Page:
Adam Gonzalez is the Co-Founder and COO of Social IQ. Gonzalez specializes in developing music artist’s social media audiences.
Irrespective of whether you are a solo artist or part of a band, there will come a time when you need to invest in growing your fan base. Thanks to the internet and social media, self-promotion has never been easier, but this has resulted in a rather saturated independent music scene. To differentiate yourself from others, you must be able to market your music effectively.
Marketing does not come naturally to many music artists, but it is nonetheless crucial to your success. Indeed, music and entrepreneurship go hand in hand. Both require discipline, commitment, passion and creativity. Both also require that content be monetized by placing it in front of the right audience. There is, of course, nothing wrong with passion for passion’s sake, but most aspiring musicians need to make a living to survive. To do this, they must market themselves through efficient and targeted branding and networking.
The most successful musicians have learned to market themselves well, but how can you do the same?
Here are five marketing tips that every aspiring musician can use to channel their inner entrepreneur:
1. Establish a brand.
The most successful musicians understand that their large fan base is not simply a result of their well-crafted songs. Branding — or your visual identity and the story behind that identity — is also important. Ideally, your music should have a brand that informs others of who you are and what you stand for. It also helps you connect with fans who resonate with your story, therefore building a loyal following in the process.
The Sex Pistols, for example, used contempt for the monarchy and love of controversial public relations stunts to grow their fan base. Although divisive, their brand was reinforced by unashamedly loud and crude punk music, which represented core values the band never strayed from.
Whatever your message, branding must be consistent across video content, merchandise, social media and even album art. It must represent your core values and be reflected in your music.
2. Incorporate video content.
By the year 2022, it is estimated that video content will account for 82% of all web traffic.
Video is a versatile means of promoting your work and growing that fan base. YouTube has become somewhat of a de facto music video website.
But instead of simply uploading your tracks to a video with a static background, try:
• Filming your performances or creating official music videos.
• Covering your favorite artists to reach their respective fan bases.
• Answering questions from your fan base so they can relate to you on a personal level.
• Vlogging to provide updates on new music, shows or behind-the-scenes content during recording.
3. Use text marketing.
According to a survey by Shift Communications, which received responses from 1,030 people, 82% of people read every text message they receive. Text marketing is a relatively cheap yet highly effective form of marketing that taps into the enormous popularity of smartphones. Unlike social media and organic search, there is also no reliance on algorithms to get your content seen.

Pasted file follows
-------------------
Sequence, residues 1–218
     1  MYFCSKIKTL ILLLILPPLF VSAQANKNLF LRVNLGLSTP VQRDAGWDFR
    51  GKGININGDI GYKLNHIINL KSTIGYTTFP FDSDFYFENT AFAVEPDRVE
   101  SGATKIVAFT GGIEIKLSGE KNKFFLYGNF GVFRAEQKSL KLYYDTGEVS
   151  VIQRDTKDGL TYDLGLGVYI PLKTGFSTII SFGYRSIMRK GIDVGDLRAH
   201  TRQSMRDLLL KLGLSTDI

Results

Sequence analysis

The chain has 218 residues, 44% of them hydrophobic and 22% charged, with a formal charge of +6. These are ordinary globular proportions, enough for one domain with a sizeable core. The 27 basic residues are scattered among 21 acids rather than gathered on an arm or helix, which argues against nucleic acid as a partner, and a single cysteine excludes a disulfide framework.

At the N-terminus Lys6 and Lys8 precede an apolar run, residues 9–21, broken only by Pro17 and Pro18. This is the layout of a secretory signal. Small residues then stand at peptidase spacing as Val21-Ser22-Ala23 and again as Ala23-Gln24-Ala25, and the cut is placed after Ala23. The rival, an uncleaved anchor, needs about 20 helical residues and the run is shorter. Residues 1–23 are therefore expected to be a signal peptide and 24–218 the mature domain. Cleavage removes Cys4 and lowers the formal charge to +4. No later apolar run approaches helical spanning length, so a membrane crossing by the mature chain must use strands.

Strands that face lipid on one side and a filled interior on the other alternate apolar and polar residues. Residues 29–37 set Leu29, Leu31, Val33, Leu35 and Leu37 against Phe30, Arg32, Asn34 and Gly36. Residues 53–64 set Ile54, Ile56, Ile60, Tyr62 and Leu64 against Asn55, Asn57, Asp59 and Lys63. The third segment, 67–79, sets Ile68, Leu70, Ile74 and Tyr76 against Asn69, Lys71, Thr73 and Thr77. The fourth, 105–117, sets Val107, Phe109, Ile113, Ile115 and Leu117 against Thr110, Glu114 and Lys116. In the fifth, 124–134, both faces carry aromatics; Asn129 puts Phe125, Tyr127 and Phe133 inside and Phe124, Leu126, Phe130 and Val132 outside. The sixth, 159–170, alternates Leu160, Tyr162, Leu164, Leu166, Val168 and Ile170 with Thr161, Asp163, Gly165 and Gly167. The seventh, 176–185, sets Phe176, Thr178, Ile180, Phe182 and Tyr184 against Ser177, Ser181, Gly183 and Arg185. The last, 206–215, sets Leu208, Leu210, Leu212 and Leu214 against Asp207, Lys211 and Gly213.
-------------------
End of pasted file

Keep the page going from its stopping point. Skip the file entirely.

There are many ways to take advantage of text marketing. I observed one rock band that, after dropping a cell number in one of their music videos, used a texting platform to interact with their fans directly while still maintaining privacy. You can also use text marketing for announcements relating to gigs and to provide links to exclusive content.
Ultimately, text marketing can be effective because it bridges the communication gap between the artist and the fan. To grow your fan base, consider using text marketing to reply to each fan individually. This puts you at a distinct advantage over other artists who aren’t able to offer the same level of interaction.
4. Collaborate with other musicians.
Collaborating with musicians occupying the same genre or with a similar target demographic is also a beneficial strategy. Ideally, it should build on information gleaned from creating a brand and identifying a target audience.
While opening for another artist is not possible right now, there are other ways collaboration can occur. You could record a song together or appear on each other’s albums. Alternatively, you might decide to share some of their work on your social channels in the form of a shoutout. Recommendations are an effective way of increasing exposure and growing your fan base. In other words, they are a powerful form of word-of-mouth advertising that 92% of consumers trust over other types of recommendations.
5. Get playlisted on streaming services.
Music artists who ignore the popularity of streaming services do so at their own peril. According to Counterpoint Research, there were 358 million streaming service subscriptions worldwide in 2019. Spotify occupies 35% of total paid subscriptions, so I recommend trying to get your music in front of potential Spotify fans.
In my experience, the best way to achieve this is to pitch your music to curators, whether to Spotify directly or to independent playlist curators. Spotify Ad Studio also allows you to take advantage of targeted algorithms to advertise music to those most receptive to hearing it.
While big players Spotify and Apple Music occupy more than 50% of the market, don’t neglect the smaller services. This includes Bandcamp and SoundCloud, which offer the ability to embed your newest music seamlessly onto your website.
Given the current pandemic, it is hard to see live events making a comeback any time soon. Take the time to market yourself online by first establishing a consistent and authentic brand. Only then should you think creatively about video content, text marketing, digital collaborations and streaming services. This is how you hit the ground running and ensure that your loyal fans will be lining up to see you live once it’s safe to do so.